Re: virus: reverberant doubt

Duane Hewitt (
Wed, 27 Nov 1996 07:00:38 -0700 (MST)

Reverberant doubt comes from a passage in Darwin's Dangerous Idea that is
quoted from Hofstadter. He refers to it as "Wolf's Dilemma" in which a
nondilemma is turned into a serious dilemma by nothing but the passage of
time and the possibility of reverberant doubt.

The quoted passage follows:

Imagine that twenty people are selected from your high school graduation
class, you among them. You don't know which others have been selected ...
All you know is that they are all connected to a central computer. Each of
you is in a little cubicle, seated on a chair and facing one button on an
otherwise blank wall. You are given ten minutes to decide whether or not
to push your button. At the end of that time, a light will go on for ten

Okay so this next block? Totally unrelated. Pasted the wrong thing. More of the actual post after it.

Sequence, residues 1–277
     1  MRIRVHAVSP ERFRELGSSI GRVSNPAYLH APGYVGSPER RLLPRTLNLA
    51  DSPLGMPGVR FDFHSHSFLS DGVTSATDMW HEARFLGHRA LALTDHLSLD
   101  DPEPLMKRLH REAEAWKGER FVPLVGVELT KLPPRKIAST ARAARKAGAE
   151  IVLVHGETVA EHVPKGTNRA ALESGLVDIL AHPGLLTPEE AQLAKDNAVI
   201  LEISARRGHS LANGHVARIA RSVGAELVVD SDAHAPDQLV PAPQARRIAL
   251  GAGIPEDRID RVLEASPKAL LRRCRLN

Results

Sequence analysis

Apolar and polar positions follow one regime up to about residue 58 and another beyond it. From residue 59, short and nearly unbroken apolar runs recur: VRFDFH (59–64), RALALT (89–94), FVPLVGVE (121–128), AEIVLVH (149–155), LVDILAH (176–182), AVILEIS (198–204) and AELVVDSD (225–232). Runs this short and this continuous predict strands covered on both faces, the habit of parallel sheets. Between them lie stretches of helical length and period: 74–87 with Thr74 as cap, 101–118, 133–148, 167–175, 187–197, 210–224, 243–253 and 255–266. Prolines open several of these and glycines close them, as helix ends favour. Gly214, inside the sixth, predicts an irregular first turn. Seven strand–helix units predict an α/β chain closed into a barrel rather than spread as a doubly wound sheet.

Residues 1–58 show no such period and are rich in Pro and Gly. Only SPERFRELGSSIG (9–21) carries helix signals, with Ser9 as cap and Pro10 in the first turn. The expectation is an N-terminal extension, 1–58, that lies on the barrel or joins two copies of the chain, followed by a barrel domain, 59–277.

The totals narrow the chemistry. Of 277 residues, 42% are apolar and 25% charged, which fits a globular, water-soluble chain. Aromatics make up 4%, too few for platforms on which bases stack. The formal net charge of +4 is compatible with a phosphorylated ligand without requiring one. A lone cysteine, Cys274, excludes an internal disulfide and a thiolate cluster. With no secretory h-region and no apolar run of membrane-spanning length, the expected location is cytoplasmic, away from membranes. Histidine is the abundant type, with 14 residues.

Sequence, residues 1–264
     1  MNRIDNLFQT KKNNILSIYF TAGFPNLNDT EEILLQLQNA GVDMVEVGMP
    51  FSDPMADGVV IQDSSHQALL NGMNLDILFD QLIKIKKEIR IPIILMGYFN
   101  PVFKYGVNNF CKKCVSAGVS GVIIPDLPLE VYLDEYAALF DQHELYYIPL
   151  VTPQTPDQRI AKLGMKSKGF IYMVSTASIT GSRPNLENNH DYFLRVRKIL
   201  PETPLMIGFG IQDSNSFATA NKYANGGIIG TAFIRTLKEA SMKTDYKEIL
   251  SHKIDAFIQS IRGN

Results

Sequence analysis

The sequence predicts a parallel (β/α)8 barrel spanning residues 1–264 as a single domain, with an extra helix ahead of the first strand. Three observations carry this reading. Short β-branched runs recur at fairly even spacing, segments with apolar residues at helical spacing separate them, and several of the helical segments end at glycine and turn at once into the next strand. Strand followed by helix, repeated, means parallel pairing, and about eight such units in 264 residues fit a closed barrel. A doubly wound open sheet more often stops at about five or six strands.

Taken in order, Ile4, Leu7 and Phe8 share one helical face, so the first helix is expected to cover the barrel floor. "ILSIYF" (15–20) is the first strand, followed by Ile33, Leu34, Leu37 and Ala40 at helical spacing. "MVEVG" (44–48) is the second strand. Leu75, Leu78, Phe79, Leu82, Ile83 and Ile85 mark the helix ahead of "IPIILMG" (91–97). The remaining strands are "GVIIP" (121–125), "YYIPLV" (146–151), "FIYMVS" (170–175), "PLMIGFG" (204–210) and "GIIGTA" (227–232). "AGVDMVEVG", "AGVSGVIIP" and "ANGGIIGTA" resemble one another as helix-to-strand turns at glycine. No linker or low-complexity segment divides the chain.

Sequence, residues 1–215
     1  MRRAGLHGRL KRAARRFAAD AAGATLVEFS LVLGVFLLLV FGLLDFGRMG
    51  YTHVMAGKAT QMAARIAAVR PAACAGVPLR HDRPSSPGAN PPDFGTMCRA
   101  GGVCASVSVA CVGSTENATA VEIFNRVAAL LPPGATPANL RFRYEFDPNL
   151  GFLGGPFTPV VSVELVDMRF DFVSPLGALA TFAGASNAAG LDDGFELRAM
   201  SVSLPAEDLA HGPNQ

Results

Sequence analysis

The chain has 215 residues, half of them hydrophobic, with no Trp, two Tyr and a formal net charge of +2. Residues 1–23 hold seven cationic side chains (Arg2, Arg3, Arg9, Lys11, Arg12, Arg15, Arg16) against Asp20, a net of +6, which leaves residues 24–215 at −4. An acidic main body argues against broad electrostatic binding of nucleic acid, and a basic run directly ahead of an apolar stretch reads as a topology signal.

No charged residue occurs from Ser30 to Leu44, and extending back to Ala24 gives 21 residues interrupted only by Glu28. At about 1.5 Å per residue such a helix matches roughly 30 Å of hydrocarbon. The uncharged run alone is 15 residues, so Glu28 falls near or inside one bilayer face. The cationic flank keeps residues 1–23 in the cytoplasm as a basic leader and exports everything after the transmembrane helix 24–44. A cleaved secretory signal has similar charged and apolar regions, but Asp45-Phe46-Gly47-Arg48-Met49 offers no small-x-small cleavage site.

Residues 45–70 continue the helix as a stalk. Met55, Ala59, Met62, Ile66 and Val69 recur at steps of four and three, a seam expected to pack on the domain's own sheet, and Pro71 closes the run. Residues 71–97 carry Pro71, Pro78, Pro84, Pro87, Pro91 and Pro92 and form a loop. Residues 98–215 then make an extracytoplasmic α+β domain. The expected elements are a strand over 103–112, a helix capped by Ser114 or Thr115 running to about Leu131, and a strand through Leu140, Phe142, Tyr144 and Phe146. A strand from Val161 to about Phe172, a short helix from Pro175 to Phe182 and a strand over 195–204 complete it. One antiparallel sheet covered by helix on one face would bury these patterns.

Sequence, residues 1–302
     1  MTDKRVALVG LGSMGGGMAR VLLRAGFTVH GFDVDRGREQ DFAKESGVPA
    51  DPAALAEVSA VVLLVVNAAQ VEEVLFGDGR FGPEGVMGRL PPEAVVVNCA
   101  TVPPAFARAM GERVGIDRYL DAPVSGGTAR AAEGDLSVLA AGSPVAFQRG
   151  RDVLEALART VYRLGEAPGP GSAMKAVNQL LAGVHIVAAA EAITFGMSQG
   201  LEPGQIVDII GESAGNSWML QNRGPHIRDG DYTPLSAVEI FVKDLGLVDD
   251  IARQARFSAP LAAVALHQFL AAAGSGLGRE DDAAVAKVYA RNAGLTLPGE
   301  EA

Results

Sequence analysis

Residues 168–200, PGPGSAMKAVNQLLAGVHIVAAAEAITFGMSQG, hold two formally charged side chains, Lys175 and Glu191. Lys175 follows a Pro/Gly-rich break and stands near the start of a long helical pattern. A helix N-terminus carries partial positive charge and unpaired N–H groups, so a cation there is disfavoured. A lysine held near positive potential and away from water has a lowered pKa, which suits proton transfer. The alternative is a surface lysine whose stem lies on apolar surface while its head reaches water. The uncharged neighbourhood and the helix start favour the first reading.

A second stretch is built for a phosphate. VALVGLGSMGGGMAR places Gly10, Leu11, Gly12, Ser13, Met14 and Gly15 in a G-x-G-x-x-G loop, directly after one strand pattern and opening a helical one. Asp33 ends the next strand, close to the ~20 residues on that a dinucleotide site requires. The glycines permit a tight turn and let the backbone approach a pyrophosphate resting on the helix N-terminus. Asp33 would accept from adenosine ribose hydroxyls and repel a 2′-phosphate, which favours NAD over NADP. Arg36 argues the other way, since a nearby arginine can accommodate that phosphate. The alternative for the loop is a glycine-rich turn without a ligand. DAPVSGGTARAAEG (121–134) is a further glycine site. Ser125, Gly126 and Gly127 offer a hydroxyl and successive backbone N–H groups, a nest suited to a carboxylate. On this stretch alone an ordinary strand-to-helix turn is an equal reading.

seconds, and while it is on, you may either push or refrain from pushing.

All the responses will then go to the central computer and one minute
later they will result in consequences. Fortunately, the consequences can
only be good. If you pushed your button you will get $100, no strings
attached ... If NOBODY pushed their button then EVERYBODY will get $1000.
But if there was even a single button pusher, the refrainers will get
nothing at all. [Hofstadter 1985, 752-53]{quoted from Dennett 1995,

Now this is a situation which at first glance the solution seems obvious.
But there is room for doubt regarding the rationality of your fellow
classmates. It is suggested that "A bunch of amiable slowpokes" would
arrive at a better outcome than "razor-sharp logicians who all think
perversely recursively reverberantly".

Any comments?